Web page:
2013 Florida State Seminoles (315.9 ypg passing; 203.1 rushing; 51.6 ppg): No need to say much on this team considering all the current Clemson folks pretty much remember (or have tried hard to forget) what happened with them. It was a historically great team for certain and set the bar on offense for the 2010s. They have many of the ACC records this current Clemson team will try to top. They played pretty poorly in the title game and still scored 34 points.

(Also under consideration were the 96 Florida Gators, 2000 Seminoles, and 2008 Oklahoma Sooners).

What the Tigers have going for them: It all starts at quarterback and each one on this list had a dynamic leader at the controls, with the possible exception of the 2001 Hurricanes. Watson is one of the best passing quarterbacks I have ever seen, already producing two or three of the sickest throws in my memory (like that first TD against UGA). He took his running to another level down the stretch in 2015 and can easily top 100 yards in any game if he needs to. The added weight and lower body strength only makes his run dimension even more deadly.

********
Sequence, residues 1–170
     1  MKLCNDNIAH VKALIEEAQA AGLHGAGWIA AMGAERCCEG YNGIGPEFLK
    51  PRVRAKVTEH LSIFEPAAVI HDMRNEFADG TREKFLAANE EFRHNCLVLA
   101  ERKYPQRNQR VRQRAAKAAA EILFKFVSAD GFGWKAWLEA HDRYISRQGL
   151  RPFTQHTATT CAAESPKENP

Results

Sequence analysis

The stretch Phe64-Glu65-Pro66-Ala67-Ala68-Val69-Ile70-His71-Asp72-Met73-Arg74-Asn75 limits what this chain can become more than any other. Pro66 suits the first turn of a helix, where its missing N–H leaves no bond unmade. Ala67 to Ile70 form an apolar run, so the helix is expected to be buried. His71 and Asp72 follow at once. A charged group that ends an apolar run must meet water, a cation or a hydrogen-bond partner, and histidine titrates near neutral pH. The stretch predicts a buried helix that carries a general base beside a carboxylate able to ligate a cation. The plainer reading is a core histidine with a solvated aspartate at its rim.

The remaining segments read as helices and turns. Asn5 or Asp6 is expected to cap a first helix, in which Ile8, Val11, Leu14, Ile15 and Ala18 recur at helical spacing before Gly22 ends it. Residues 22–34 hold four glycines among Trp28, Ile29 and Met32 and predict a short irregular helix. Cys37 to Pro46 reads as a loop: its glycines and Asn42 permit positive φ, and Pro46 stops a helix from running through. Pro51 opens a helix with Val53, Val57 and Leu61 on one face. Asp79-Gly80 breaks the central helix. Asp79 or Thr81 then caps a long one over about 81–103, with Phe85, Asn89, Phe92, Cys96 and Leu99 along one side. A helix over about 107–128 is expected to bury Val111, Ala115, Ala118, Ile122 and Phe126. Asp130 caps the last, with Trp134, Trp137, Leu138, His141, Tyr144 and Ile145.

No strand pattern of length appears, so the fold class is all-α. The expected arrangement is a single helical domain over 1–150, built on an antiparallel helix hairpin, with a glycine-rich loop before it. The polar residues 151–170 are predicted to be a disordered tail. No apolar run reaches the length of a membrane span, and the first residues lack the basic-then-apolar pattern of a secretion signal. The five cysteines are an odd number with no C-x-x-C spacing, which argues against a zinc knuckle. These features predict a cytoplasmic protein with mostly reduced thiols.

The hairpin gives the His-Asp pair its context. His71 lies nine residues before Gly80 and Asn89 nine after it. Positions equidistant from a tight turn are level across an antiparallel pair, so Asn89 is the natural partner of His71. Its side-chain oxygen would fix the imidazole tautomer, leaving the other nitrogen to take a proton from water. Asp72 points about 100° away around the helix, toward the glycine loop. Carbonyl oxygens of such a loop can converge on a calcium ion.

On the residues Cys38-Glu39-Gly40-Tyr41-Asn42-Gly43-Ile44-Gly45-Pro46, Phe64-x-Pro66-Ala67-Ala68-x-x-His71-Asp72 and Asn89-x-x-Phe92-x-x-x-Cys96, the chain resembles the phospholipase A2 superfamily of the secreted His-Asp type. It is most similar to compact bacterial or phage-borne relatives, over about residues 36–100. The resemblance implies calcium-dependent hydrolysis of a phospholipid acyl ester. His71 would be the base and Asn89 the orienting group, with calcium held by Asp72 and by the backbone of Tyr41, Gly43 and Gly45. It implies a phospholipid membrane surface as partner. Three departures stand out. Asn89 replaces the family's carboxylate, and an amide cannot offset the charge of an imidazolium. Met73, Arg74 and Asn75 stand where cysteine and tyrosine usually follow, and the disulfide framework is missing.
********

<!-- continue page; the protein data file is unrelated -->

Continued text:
Wayne Gallman is still a little overlooked despite setting a single season rushing record last season. He was behind Dalvin Cook and Elijah Hood on the preseason All ACC team. However, Gallman did not come to Clemson as a ready-made back and has just now begun to come into his own in that regard. He also has a deep stable of backups, including five star freshman Tavien Feaster, to push him and spell him.